Let’s talk about how you became involved with computers and started your own business at such a young age. We’ve read that you took apart the first PC that you got your hands on. Is that true?
Michael Dell: Yeah. I wanted to see how it works, so I took it apart. A good thing about the early personal computers is that they had completely kind of standardized chips, and so you could literally get a book about each chip and read what each pin did, and how signals were processed through the chip. You could design your own circuits and you could modify them, and you could literally see exactly how the thing was working. That was sort of the classroom for me. That was where I learned the basics of how these things worked. Then I kind of became fascinated with, “Well, how could you improve it?” How could you make it do more things? How could you expand it? How could you make it go faster? How could you hook it up to other computers and let your imagination run wild?
You noticed that the parts were not made by IBM.
Michael Dell: That’s right.
The earliest PCs had IBM’s name on the outside but there was no IBM on the inside. And what I saw was that not only did it take an enormous amount of time for the components to get from the people who made them all the way to the customer, but it was a very inefficient and expensive process. So I would read about improvements in technology in Byte magazine, but then it would take a year or more before you could actually buy it. So I was kind of a frustrated consumer, thinking, “Hey, where is all this stuff that I keep reading about?” and kind of thought, “Well gee, what if you could sell directly to the end customer and do it way more efficiently with better service?” — the people who really knew about the product. Now, I had no idea this thing called the Internet would come along and make it real easy for people to buy things online and connect, but absolutely felt that over time more and more people would be knowledgeable enough to buy on the phone.
But how would they know about you?
Michael Dell: Well, you advertise. Interestingly enough, the logical conclusion most people would have after hearing all that is, “Oh, you were selling to consumers and hobbyists.” But actually it wasn’t much of our business. Most of our business was large companies. We were kind of discovered by large companies who wanted computers to make themselves more productive, and public institutions, and that became the origins of the growth of the business.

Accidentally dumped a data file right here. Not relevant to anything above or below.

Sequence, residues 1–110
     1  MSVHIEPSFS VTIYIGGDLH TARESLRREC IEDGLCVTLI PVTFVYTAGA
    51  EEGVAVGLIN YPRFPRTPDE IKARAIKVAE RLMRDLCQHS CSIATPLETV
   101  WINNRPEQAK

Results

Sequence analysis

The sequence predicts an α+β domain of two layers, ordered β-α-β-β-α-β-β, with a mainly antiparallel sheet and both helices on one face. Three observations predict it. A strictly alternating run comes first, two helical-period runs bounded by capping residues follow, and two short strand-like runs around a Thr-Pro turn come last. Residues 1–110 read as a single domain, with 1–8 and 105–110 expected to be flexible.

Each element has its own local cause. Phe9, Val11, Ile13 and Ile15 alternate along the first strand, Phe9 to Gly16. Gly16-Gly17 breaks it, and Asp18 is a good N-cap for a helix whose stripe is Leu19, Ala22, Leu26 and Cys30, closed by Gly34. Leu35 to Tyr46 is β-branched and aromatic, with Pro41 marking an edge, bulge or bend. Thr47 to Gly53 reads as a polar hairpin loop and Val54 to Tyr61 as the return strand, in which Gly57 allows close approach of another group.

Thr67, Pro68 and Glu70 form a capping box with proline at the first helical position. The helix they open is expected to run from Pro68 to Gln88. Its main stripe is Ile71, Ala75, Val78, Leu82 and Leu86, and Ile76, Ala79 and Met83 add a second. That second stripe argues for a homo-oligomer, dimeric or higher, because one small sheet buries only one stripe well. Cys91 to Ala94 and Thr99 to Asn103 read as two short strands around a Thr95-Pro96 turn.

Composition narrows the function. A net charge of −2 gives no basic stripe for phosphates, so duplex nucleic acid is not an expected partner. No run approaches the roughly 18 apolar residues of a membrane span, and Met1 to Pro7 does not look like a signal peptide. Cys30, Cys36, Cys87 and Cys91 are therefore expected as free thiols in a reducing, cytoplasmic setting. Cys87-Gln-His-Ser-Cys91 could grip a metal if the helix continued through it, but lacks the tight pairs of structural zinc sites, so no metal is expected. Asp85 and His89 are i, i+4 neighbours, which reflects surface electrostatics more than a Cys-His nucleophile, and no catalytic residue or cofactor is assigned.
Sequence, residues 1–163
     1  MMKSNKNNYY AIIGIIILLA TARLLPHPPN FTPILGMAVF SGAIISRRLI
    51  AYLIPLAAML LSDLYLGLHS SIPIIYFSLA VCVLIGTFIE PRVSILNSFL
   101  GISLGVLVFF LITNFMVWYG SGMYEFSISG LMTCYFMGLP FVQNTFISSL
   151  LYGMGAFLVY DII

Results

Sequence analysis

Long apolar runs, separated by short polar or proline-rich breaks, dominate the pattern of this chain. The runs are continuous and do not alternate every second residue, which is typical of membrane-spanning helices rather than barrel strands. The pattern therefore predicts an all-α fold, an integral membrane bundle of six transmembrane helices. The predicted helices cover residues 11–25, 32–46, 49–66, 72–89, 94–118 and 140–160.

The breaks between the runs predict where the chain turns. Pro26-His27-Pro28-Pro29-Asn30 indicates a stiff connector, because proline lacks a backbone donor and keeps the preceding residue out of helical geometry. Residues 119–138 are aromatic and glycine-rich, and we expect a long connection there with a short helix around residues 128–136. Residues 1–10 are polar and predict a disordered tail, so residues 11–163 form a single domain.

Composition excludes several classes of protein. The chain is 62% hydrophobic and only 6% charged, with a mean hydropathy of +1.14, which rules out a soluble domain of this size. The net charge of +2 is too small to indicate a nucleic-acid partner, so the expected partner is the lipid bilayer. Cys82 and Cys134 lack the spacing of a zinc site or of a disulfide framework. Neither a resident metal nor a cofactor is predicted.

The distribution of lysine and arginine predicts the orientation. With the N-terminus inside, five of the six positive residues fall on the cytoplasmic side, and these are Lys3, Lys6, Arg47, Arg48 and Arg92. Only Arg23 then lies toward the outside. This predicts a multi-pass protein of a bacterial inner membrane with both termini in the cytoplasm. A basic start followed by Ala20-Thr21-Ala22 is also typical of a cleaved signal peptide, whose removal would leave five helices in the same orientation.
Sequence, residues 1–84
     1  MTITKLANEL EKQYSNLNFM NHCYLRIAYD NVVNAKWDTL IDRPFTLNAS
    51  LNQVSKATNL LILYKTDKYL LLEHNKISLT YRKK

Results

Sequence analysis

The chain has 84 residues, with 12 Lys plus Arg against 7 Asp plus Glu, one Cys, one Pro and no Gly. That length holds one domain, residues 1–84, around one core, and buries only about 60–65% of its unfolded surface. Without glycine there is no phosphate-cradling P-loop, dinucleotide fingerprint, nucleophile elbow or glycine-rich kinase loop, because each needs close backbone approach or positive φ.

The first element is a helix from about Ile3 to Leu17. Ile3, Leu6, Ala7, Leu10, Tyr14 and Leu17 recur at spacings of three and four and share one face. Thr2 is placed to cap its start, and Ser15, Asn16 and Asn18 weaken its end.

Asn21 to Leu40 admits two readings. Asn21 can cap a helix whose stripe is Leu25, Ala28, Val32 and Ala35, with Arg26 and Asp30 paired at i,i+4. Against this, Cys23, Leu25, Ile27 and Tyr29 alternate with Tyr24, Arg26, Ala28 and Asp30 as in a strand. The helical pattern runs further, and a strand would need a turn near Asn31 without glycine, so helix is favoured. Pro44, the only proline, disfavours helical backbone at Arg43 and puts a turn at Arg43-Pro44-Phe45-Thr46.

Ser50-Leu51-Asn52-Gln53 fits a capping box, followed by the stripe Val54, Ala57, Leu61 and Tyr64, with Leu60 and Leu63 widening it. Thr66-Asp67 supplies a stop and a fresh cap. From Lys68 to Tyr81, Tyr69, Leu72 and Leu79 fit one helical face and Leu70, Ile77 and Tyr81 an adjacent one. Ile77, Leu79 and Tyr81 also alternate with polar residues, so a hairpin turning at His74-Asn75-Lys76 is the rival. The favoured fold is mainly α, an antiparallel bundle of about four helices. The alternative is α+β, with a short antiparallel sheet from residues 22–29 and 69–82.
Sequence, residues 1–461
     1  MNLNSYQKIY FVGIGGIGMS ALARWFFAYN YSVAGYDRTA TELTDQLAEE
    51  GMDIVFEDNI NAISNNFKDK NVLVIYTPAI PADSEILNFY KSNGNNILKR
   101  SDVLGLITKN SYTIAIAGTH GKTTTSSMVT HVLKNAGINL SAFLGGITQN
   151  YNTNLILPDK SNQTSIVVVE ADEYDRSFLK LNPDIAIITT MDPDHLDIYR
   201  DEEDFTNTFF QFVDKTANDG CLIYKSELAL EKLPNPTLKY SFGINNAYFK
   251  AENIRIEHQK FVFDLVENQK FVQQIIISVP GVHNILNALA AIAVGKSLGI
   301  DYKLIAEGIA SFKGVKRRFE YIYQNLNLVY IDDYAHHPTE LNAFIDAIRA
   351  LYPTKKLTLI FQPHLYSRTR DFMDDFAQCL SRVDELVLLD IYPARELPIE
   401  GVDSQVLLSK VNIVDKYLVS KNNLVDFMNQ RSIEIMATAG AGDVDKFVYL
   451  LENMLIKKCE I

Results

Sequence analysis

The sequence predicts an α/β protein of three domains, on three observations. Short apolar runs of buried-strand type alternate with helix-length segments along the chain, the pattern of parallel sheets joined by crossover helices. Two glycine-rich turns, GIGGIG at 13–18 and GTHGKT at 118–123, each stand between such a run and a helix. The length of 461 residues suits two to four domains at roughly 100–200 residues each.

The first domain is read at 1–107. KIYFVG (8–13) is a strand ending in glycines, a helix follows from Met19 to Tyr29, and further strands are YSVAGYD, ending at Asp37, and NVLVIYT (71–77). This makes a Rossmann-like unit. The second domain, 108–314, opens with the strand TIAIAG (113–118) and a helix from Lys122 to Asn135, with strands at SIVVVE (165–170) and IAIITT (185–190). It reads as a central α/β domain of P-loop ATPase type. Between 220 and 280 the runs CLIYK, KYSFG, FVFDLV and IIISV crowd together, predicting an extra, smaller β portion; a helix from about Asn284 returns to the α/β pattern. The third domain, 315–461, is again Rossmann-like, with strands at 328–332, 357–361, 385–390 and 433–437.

So having taken this computer apart and figured out a lot of stuff about how it worked, you actually developed a business of your own quite early on. Could you tell us how that came to pass in your freshman year of college?
Michael Dell: Yeah. When I was a freshman at the University of Texas, I was going to school and had every intention of going to school. I was kind of playing around with this as a hobby while I was going to school. It was a really fun hobby for me because I was really interested in computers, and it provided a little extra income, so I could buy the latest stereo and whatever I wanted to buy. You know, 18-year-old, 19-year-old kids like to do stuff like that.
So you were already making some money off of it?
Michael Dell: Yeah, yeah. When I was a freshman in college, selling upgrade kits and enhancing computers. My parents got wind of this and they were really upset, because they thought that I should really only focus on going to college.
What were you studying?
Michael Dell: Biology. My father’s a doctor, my brother’s a doctor, lots of doctors in the family, so I was going to be a doctor. So they were, they were very, very upset with me. You know, “Michael, you’ve got to get your priorities straight.”
Around Thanksgiving of 1983, my parents kind of made me commit that I wasn’t going to do this computer business anymore. I was only going to focus on my studies. So that lasted about ten days. It was during that time that I decided that I was going to start a company. So actually, my parents telling me to stop doing it is probably what caused the company to get created. If they hadn’t done that it might’ve just been a hobby. But what I kind of reflected on in those ten days is that I really love this, and it was enormously exciting, tremendously fun. So like any other 18-year-old who wants to do what their parents don’t want them to do, you just don’t tell them. So that’s what I did. I kind of went about the path to start the company without really telling my parents.
Where did you keep these computers that you upgraded?
Michael Dell: Well, they were in Houston and I was in Austin. And so…
I kind of moved into a larger apartment that had really high ceilings so I could kind of stack things up and managed to conceal it from them for quite some time. And then I basically came to an arrangement with my parents. I said, “Look, I really want to go do this, and I know you don’t want me to go do it, but I’ve checked with the University of Texas, and the way it works at UT is that you could take a semester off and you can come back.” And so I said, “Well, we’ll agree to this. I’ll take the semester off — the fall of ’84 semester — and I’ll go and do this. If it doesn’t work out, I’ll go back to school, and if it does I’ll just keep doing it.” And so they agreed. If they hadn’t agreed, I probably would’ve done it anyway to be honest with you. So in May of ’84, I incorporated the company and off we go.
Wasn’t there a time when your parents came to visit unexpectedly while you were still having this covert business?
Michael Dell: Yeah. That would’ve been in November of ’83.
They would kind of hear from their friends, “Oh, Michael’s doing so great. His business is going really well.” And they were like, “What are you talking about? He’s supposed to be in college.” They had a couple of kind of surprise visits. They would just kind of show up, you know, like, “Where are your books?” “Oh, they’re at the library.” I’d sort of have good answers for things, and they couldn’t quite figure it all out. But eventually they kind of figured out, “Wait a second. There’s too many computer parts around here.” It was a bit hard to disguise what was going on. So that’s when we had this talk.